I caution you, though, do not limit yourself.  Take your work further by also using your imagination, your wishes, and dreams.  Use your experience to go beyond yourself.  Transcend your personal experience in a way that is believable by using these techniques for adding realism.

4.  What you have experienced emotionally is critical to taking your readers on that emotional journey.

Human experience is a roller coaster of emotion and your story should be, too.  We need to want to root for your protagonist and the way to encourage readers to do that is to rake your protagonist over very hot coals.  I’m serious, torture him or her.  Make us want to cheer him/her on.  One way to do that is to show your character struggling.  Show their trials, failures, and their last ditch efforts to finally succeed.  Readers sign up for an emotionally transformative journey when they buy a book.  Give them one.

Be brave.  Connecting with the pain from your past is not an easy task, but connecting with your your personal tragedies is worth it when that connection transfers to readers and they love your characters because they can relate to them.  Dredge up those past let downs, broken hearts, and broken homes.

5. Add more of what you know (and like or don’t like)

Now it’s time to take your experiences a little further.  If you have a skill or hobby, like knitting, give it to one of your characters.  The passion you feel for things you enjoy will shine through in your work.

On the flip side, you could make one of your characters (perhaps the villain) have a talent or belief that you vehemently despise.  That emotion will also ring true with readers.

We all have life in common.  The emotional and physical joys and triumphs are what bind us all together as human beings.  Use your experiences to add depth, but don’t be afraid to go beyond them.  In order to connect with people, we have to gain their trust with honesty and humanity.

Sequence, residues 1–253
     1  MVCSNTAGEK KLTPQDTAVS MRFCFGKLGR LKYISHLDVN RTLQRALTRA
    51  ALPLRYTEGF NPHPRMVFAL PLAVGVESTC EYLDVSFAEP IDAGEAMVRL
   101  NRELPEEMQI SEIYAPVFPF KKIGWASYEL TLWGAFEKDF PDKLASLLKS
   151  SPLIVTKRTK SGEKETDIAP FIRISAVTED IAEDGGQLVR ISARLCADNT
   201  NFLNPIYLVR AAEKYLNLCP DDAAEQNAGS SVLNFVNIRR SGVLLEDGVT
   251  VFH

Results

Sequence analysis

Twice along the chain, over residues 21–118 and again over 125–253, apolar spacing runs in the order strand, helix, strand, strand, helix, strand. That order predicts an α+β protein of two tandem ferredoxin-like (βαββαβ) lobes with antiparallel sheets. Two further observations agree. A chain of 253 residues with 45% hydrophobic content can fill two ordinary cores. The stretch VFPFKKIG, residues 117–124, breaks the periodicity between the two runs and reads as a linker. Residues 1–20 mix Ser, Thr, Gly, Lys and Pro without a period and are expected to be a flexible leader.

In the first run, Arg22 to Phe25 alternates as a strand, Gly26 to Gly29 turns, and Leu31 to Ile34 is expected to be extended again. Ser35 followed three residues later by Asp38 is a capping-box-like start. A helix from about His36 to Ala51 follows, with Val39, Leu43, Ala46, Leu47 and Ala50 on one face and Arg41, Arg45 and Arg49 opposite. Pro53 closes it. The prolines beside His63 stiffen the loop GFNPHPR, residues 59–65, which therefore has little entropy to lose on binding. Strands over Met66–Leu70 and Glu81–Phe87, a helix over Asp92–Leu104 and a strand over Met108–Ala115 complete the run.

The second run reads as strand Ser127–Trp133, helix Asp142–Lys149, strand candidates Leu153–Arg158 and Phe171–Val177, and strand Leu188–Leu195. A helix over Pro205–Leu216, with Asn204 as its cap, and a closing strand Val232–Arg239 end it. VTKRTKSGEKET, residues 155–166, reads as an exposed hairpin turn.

Happy Writing and Illustrating.

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2 Responses to Five Ways Real Life Makes Your Writing Better

  1. mikecrowl says:

    Great article Larissa! I have a historical fiction manuscript that I’ve been working on for a while, and every time I introduced a character to the story, I felt like I already knew the person. That’s because I probably did! When I read over what I’ve written, I get thoughts like, “Oh, this is SO what my brother would do,” or “I can remember my father telling me this,” or “Frank does this all the time at work and it ticks me off!” Of course the other side of the coin is that when my daughters read the manuscript, they say, “This character is you, isn’t it?” Yep. Warts and all.

    I love the idea of printing off pictures of your “characters” to tape to your wall. My writing area is usually the laptop on the sofa, but I have photos around me anyway. I have pictures of the town where my story takes place scrolling across the desktop on my computer, I use relevant pictures as the “cover” for my printed copy, and I have the picture on the notebook that I take to my critique group (Yes, I still use paper sometimes). These are great motivators!

    Thanks for the advice,
    Mike

    • Larissa Graham says:

      Thanks, Mike!
      And, I think it is lovely that your daughters read your work.
      I still use my handy composition books and binders, as well.
      Sometimes, paper and pen are a welcome change.
      Thank you for commenting:)